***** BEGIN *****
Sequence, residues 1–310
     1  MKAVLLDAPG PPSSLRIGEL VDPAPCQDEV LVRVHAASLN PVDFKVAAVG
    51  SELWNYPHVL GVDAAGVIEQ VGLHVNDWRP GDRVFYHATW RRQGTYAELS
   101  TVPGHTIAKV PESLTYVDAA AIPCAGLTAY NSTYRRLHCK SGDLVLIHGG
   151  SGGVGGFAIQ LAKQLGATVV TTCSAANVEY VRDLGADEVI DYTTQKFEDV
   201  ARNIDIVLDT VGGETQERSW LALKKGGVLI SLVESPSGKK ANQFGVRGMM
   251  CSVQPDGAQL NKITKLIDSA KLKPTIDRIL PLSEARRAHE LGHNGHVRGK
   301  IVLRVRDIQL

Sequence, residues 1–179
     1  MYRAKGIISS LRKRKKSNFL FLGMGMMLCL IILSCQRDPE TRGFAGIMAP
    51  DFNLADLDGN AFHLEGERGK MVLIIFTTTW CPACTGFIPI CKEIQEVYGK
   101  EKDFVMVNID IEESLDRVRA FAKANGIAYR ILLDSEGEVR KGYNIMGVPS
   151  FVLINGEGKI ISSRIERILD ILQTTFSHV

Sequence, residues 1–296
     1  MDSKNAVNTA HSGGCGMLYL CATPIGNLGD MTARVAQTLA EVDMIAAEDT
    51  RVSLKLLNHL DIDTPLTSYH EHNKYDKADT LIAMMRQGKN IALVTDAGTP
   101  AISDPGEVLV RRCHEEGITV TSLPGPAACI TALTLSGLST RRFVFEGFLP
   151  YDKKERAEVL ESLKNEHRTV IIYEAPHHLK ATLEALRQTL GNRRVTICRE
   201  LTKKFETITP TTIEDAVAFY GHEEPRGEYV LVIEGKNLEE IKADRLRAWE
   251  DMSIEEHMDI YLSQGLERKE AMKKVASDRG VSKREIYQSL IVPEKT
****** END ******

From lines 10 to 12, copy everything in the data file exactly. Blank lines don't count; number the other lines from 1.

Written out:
     1  MYRAKGIISS LRKRKKSNFL FLGMGMMLCL IILSCQRDPE TRGFAGIMAP
    51  DFNLADLDGN AFHLEGERGK MVLIIFTTTW CPACTGFIPI CKEIQEVYGK
   101  EKDFVMVNID IEESLDRVRA FAKANGIAYR ILLDSEGEVR KGYNIMGVPS